Early the next morning, June 12, an agitated Miller awakened Ard and forced her into a small room with a padded mat on the floor. Miller then sexually assaulted Ard. According to the complaint, Ard did not report the rape to jail officials that day because she was under constant watch by other male guards by whom she felt threatened. Instead, she reported the rape the next day when a female deputy, Tosha Williams, began her shift at the jail. Ard was transported to the hospital where she was examined and found to have been sexually assaulted. Within a week of Ard's having reported the rape, Rushing terminated Miller's employment. Miller was subsequently arrested for sexual assault and subsequently pled guilty to sexual penetration of an incarcerated individual.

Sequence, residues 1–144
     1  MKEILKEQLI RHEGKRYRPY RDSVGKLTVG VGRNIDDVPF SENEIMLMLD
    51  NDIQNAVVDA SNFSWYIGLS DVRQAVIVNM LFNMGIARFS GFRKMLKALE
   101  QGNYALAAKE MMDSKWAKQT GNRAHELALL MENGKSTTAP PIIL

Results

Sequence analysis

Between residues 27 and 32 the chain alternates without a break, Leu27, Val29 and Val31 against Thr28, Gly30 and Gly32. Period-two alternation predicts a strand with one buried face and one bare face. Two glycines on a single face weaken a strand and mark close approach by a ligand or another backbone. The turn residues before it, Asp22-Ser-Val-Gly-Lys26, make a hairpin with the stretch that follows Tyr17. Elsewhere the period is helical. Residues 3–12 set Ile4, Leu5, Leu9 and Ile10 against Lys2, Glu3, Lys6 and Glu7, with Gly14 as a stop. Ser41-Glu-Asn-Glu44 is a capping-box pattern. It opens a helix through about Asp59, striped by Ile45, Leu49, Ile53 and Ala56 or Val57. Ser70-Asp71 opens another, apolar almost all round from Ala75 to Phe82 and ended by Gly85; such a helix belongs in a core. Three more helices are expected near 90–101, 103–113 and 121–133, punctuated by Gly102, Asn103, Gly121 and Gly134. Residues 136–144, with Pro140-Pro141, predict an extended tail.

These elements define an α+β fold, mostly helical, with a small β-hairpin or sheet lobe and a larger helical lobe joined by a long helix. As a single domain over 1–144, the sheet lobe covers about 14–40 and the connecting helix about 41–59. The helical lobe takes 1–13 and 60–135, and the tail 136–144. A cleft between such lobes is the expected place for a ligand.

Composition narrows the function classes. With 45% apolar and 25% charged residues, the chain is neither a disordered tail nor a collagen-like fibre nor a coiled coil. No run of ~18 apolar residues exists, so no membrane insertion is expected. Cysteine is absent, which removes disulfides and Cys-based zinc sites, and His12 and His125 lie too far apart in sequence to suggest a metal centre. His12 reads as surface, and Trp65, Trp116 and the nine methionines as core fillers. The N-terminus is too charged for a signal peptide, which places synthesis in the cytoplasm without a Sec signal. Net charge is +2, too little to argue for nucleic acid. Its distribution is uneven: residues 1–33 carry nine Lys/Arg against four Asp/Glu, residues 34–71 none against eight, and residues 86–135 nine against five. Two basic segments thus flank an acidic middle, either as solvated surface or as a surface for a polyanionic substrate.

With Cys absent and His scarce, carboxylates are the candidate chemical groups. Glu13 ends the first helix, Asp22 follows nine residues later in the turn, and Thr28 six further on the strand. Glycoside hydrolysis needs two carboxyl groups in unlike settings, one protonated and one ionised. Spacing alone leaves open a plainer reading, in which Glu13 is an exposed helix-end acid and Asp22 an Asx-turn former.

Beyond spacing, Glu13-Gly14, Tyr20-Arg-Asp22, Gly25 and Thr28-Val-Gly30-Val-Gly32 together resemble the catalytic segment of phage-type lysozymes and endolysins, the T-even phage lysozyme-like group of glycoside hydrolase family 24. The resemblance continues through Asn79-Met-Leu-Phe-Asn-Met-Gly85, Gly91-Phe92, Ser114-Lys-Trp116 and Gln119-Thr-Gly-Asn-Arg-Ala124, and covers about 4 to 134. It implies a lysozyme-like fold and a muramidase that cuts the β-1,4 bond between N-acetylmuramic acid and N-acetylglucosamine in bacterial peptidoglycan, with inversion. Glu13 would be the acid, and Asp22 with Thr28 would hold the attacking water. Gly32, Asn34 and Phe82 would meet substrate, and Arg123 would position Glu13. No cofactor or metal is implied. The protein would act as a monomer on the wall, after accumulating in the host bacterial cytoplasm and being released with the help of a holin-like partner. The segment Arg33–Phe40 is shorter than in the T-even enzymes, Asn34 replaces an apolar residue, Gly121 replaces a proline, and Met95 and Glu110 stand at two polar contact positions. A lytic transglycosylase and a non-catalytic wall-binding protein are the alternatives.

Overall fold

By the present motion, Sheriff Rushing seeks dismissal on qualified immunity grounds of Ard's § 1983 and § 1985 claims against him in his individual capacity. Ard maintains that genuine issues of material fact preclude summary judgment on the sheriff's qualified immunity defense. For the reasons that follow, the court concludes that Rushing is entitled to qualified immunity.